By Geoff Baker, The Seattle Times -
SEATTLE — Mike Carp finally had the chance to talk home runs again, along with the importance of timing and what it takes to beat an opponent down.
The Seattle Mariners didn’t score very often after the first couple of innings of a 5-2 win Sunday over the Minnesota Twins. But in the end, when they scored mattered just as much as how often they did in clinching a series victory.
An early offensive flurry was enough to psychologically bury a Twins team that had entered the day with the worst four-game hit total in modern baseball history (since 1900). Carp’s first home run of the season put Seattle ahead by four runs just two innings in and had the Twins looking as if they’d rather be anyplace but on the field for the seven frames that followed.
“It’s good, especially with our pitching staff,” Carp said. “If we can score some runs early, we know they’re going to come in and dominate the rest of the game.”
Well, maybe not against every team and not in games that Felix Hernandez spends in the dugout instead of on the mound. But against a Twins team that had managed just nine hits the past four contests, it was a pretty safe assumption that early scores would have a devastating impact.
And that’s what happened in front of 23,913 fans at Safeco Field after Jesus Montero doubled home a pair of runs off Nick Blackburn in the first inning, followed by a Kyle Seager double that made it a 3-0 game. Mariners starter Hector Noesi has been all over the map this early season, but barely broke a sweat for seven innings in this affair once staked to the early advantage.
Carp’s homer to right field leading off the second inning made it 4-0 and appeared to vaporize any fight the floundering Twins—losers of 10 of 12 and with the worst-scoring offense in the American League—may have had left.
Dustin Ackley tripled in the fourth inning and scored on a Brendan Ryan sacrifice fly to eliminate any doubt as to which team was going to win. Minnesota barely registered a pulse until Ryan Doumit ended a homerless drought for his ballclub that stretched 259 plate appearances when he tagged Noesi for a leadoff blast in the seventh.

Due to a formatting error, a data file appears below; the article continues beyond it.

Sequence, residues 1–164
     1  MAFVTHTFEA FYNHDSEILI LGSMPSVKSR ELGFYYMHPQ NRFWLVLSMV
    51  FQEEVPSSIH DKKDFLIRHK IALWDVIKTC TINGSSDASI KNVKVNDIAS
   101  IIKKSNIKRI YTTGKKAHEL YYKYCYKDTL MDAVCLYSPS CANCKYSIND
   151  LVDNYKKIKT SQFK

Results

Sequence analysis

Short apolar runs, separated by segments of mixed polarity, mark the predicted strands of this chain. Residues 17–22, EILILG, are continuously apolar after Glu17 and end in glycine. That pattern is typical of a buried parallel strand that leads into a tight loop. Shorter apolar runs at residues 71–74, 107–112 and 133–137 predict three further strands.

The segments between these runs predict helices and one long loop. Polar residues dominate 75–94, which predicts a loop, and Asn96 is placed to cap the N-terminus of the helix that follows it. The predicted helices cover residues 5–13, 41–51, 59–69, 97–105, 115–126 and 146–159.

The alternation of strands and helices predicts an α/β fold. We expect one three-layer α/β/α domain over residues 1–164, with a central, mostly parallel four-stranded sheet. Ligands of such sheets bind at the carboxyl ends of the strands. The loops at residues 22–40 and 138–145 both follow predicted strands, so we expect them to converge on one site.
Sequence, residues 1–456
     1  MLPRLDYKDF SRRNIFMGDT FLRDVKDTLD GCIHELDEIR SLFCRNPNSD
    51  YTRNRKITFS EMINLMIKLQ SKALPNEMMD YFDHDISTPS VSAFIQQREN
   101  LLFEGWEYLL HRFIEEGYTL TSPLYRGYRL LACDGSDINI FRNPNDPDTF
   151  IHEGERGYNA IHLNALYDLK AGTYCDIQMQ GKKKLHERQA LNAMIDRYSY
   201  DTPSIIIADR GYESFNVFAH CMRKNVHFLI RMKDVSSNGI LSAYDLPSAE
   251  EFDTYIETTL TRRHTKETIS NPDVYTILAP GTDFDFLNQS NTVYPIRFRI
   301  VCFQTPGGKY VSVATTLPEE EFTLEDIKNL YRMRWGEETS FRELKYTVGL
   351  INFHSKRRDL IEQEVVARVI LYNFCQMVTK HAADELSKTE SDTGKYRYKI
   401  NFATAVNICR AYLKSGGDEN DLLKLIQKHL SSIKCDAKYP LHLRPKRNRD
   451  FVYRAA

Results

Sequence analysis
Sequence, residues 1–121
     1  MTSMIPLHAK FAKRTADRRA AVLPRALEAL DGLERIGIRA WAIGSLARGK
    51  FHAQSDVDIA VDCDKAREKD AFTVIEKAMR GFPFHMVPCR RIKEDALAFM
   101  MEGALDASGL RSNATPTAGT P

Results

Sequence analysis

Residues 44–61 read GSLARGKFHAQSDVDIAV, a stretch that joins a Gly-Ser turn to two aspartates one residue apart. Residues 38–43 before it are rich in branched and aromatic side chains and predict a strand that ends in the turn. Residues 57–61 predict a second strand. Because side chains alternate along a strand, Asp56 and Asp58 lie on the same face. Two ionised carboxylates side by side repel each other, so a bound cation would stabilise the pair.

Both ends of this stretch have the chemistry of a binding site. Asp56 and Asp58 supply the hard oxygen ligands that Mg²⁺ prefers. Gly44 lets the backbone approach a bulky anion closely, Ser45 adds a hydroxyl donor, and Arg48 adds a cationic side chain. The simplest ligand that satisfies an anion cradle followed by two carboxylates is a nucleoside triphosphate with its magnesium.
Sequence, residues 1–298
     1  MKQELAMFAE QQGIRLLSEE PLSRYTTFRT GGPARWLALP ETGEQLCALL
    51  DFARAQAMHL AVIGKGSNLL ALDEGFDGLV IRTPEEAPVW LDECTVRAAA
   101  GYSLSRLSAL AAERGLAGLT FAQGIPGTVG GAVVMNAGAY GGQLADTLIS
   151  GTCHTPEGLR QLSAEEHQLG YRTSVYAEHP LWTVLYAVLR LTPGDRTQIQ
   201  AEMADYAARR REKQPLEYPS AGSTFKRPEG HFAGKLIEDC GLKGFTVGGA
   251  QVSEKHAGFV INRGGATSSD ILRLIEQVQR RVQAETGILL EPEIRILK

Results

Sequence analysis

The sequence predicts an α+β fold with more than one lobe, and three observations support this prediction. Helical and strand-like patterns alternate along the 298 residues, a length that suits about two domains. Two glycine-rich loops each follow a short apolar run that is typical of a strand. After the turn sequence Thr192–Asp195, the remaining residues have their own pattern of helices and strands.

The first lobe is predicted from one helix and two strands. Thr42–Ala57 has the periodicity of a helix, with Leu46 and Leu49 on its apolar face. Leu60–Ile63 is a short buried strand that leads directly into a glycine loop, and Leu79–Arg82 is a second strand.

It was the fourth and final hit allowed by Noesi. Doumit then did himself one better with another solo homer in the ninth—this one off Tom Wilhelmsen—but it was all academic by then.
Carp’s homer came in just his third game back from a sprained shoulder suffered in the season opener in Japan.
“It felt good,” Carp said. “It’s been a lot of hard work and I’m just trying to get back and have some consistent at-bats.”
Those are the types of at-bats manager Eric Wedge has been preaching to his entire ballclub. He saw several such at-bats in Detroit on the last road trip, when the Mariners took early leads in all three games en route to a sweep.
But after that, the offense slowed considerably.
“It’s always nice to jump out early, take advantage of opportunities and get out in front like that,” Wedge said. “We had a couple of guys step up for us with those RBI opportunities, and that’s a good sign.
“I feel like we’ve got a couple of guys offensively heading in the right direction. Some a little bit quicker than others, but baby steps with that. They’re definitely a little more comfortable with runners in scoring position and that’s the biggest part of it—controlling your heartbeat and being comfortable and confident in those situations.”
Seager had become particularly adept at handling RBI opportunities, driving in 10 runs his past five games. He’d snapped a scoreless tie with two out in the sixth inning on Saturday before delivering what would be the decisive run of Sunday’s affair.
Montero also came through big, ripping a ball past third baseman Danny Valencia after Ackley had opened with a walk, followed by a Ryan single. Ryan’s handling of the No. 2 spot in the order the past two games has earned him considerable praise from Wedge.
But Ryan said the Mariners are still learning how to win. That statement is evidenced by Seattle’s inability to sweep a series against a Twins squad that had scored in only one of 42 innings before Doumit’s first homer on Sunday.
The Mariners did not produce enough scores when needed Friday, then gift-wrapped a decisive three-run seventh inning for the Twins on two walks, an error and two ground balls. Ryan said it’s up to veteran players like himself to lead the way in executing the right way and at the right time.
“It’s that one inning on defense, or not having that five-run inning when it’s there for us,” Ryan said.